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LESS Color Schemes using Grunt

Posted on:January 26, 2016

The Problem

This week I was searching for a way to modify my project to support color schemes. I had used LESS as my preprocessor, but after adding hundreds of color declarations, realized that color schemes would be a great feature. Looking around the internet, I found a bunch of references to methods that didn’t really fit what I was looking for. Namely, a lot of them recommended placing a class on the body tag, and doing color definitions as so:

body {
    .navbar(basketball, #ff9900);
    .navbar(football,   #99743d);

.navbar(@name, @color) {
    &.@{name} .navbar-inner {
        background-color: @color;

This is great, but I wanted a way that required minimal modification of my LESS files (as there are many and the project is quite large. A simple find and replace would be of no use here.

So I set out to find a better way!

Enter Grunt-Contrib-Less

Grunt is awesome. I’ve been using it for a while in this project to run my watch, less, and uglify tasks, as well as tying it in to the Django runserver command so that they would run on the same thread (no more opening two windows to run the server and the build), but I digress.

Grunt’s LESS support comes from grunt-contrib-less. It supports most of the features of LESS, and luckily it happened to support the one command line flag I needed, modifyVars.

My project structure works like this:

├── color-schemes  <- color schemes!
│   ├── autumn.less
│   ├── endor.less
│   ├── florida.less
│   ├── gungan.less
│   └── pandora.less
├── components
│   ├── ... all my components
├── global
│   ├── animations.less
│   ├── colors.less
│   ├── fonts.less
│   ├── icons.less
│   ├── init.less
│   ├── mixins.less
│   └── shadows.less
├── main.less
├── pages
│   ├── ... all my pages
└── vendor
    └── custom.bootstrap.less

All the colors in my LESS project come from colors.less. It’s a large file with a few definitions at the top for five main colors:


Each color scheme defines five colors and I assign them to these variables. These variables are then used to indicate every other color or modification of a color in the project. That means that every color comes (at some point) from these definitions. It’s important to note that there are some modifications made by LESS’s fade, saturate, etc, so we can’t just swap out the colors on the front end.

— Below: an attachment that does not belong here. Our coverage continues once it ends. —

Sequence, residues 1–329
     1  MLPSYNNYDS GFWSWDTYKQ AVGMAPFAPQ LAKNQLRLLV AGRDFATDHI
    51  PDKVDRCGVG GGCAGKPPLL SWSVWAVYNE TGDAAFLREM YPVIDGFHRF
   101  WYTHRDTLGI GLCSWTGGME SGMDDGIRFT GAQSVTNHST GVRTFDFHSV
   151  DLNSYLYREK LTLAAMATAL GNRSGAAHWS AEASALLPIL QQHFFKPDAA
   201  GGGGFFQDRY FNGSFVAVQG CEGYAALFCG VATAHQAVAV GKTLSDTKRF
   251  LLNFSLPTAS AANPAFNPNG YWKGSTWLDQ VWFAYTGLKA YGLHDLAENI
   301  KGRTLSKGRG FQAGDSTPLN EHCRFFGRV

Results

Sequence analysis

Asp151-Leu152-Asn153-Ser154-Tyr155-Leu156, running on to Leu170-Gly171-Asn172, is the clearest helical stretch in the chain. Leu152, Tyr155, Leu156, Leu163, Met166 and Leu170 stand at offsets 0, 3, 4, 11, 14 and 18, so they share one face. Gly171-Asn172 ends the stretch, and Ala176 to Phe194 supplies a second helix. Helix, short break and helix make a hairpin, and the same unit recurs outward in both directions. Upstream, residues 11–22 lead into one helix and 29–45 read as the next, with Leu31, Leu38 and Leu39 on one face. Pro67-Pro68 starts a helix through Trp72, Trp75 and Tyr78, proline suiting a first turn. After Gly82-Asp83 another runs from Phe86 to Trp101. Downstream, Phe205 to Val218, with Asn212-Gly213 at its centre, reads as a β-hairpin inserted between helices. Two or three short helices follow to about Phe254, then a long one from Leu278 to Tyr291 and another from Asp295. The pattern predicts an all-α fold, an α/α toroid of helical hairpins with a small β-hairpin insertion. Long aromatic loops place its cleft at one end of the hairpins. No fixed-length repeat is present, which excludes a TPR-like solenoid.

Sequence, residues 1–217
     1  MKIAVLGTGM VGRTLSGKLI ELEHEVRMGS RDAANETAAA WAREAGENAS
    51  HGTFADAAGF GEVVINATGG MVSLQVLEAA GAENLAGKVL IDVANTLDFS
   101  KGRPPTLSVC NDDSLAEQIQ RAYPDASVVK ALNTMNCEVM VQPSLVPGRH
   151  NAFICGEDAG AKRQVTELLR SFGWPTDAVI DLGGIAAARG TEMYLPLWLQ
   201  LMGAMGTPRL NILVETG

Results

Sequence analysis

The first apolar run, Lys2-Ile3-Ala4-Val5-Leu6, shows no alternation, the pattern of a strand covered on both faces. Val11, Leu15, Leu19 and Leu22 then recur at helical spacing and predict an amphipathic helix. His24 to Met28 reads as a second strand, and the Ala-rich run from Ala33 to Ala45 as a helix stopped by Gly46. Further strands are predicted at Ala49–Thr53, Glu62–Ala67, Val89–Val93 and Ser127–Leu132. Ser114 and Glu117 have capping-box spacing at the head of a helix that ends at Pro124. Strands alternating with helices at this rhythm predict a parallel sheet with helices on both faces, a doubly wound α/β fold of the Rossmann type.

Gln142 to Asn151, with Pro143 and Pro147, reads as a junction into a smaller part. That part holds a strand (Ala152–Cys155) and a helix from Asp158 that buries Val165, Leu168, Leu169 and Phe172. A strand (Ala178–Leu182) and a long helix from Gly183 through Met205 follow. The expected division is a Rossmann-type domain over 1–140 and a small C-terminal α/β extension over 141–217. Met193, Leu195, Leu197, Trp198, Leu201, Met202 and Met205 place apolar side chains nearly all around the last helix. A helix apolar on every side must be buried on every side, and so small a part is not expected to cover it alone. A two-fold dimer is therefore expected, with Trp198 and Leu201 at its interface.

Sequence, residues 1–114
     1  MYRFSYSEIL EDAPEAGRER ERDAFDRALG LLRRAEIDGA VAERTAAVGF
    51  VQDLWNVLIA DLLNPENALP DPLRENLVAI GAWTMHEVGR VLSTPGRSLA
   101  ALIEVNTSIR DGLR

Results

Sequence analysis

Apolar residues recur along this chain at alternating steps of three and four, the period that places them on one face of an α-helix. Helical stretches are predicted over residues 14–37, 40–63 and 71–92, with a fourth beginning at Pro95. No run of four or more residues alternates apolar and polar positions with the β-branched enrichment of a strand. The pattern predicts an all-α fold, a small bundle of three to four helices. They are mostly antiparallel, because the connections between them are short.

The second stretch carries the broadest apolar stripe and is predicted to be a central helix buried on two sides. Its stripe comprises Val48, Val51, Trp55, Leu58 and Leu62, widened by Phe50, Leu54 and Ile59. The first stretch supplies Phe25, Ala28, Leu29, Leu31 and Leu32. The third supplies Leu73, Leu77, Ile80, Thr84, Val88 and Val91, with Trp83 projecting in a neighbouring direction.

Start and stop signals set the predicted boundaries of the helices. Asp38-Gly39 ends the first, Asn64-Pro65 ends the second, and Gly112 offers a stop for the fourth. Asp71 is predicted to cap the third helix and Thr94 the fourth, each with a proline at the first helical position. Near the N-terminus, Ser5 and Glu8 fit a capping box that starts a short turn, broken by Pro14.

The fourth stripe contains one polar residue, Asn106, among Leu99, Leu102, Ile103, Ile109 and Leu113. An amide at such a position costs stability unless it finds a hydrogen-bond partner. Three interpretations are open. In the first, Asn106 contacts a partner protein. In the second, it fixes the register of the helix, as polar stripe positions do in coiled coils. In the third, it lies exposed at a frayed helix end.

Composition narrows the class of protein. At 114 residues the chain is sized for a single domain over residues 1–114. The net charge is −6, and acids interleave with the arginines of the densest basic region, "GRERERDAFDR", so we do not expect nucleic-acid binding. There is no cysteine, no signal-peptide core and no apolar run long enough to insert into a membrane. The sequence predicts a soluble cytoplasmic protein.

Here’s where modifyVars comes in. I decided a better approach was to build multiple .css files. The goal was to build one file for each color scheme, so instead of app.css, I would have app.florida.css, app.pandora.css, and so on for each of my color schemes. Doing this was quite simple. First, I modified my colors.less to import a different color profile before my definitions. The color scheme would define the scheme colors and assign them to the main color variables. For example:

/* Gungan color set */

@set-color-1: #99B898;
@set-color-2: #FECEA8;
@set-color-3: #FF847C;
@set-color-4: #E84A5F;
@set-color-5: #2A363B;

/* Custom color set 
 * Use only these colors as a
 * basis for other colors. */

@color-primary:    @set-color-5;
@color-secondary:  @set-color-3;
@color-success:    @set-color-1;
@color-info:       @set-color-5;
@color-warning:    @set-color-2;
@color-error:      @set-color-4;

And colors.less:

@import 'color-schemes/@{color-scheme}.less';

/* Bootstrap Brand Colors */
@color-brand-primary: @color-primary;
@color-brand-success: @color-success;
@color-brand-info:    @color-info;
@color-brand-warning: @color-warning;
@color-brand-danger:  @color-danger;

/* Custom variables */
@sidebar-color:            @color-primary;
@input-border-color:       @color-secondary;
@input-border-focus-color: @color-success;
@error-color:              @color-error;

//... etc

Now I just modified my Gruntfile to build several versions of app.css by passing in a different color-scheme parameter, which matches the filenames in color-schemes/.

// grunt-contrib-less task
less: {
  florida: {
    options: {
        modifyVars: { // the magic
        'color-scheme': 'florida'
    files: {
      'build/css/app.florida.css': 'assets/less/main.less'
  gungan: {
    options: {
        modifyVars: {
        'color-scheme': 'gungan'
    files: {
      'build/css/app.gungan.css': 'assets/less/main.less'
// ... more color schemes

Now when I run my Grunt less command, I get a different CSS file for each color scheme.

Using The New Files

Now I needed a way to load these files on the front end. This will depend on your front end framework. There are a few options.

If you’re using Angular (like me), I would recommend using something like angular-css-injector. The preference for color scheme was part of my user object, which came down with some other site metadata (which included a default color scheme if the user’s preference was not set). That means all I had to do was update my MetaData Service to use angular-css-injector:

MetaDataService.prototype.updateColorScheme = function() {
	if (this.user['color_scheme']) {
	} else if (this.metaData['color_scheme']) {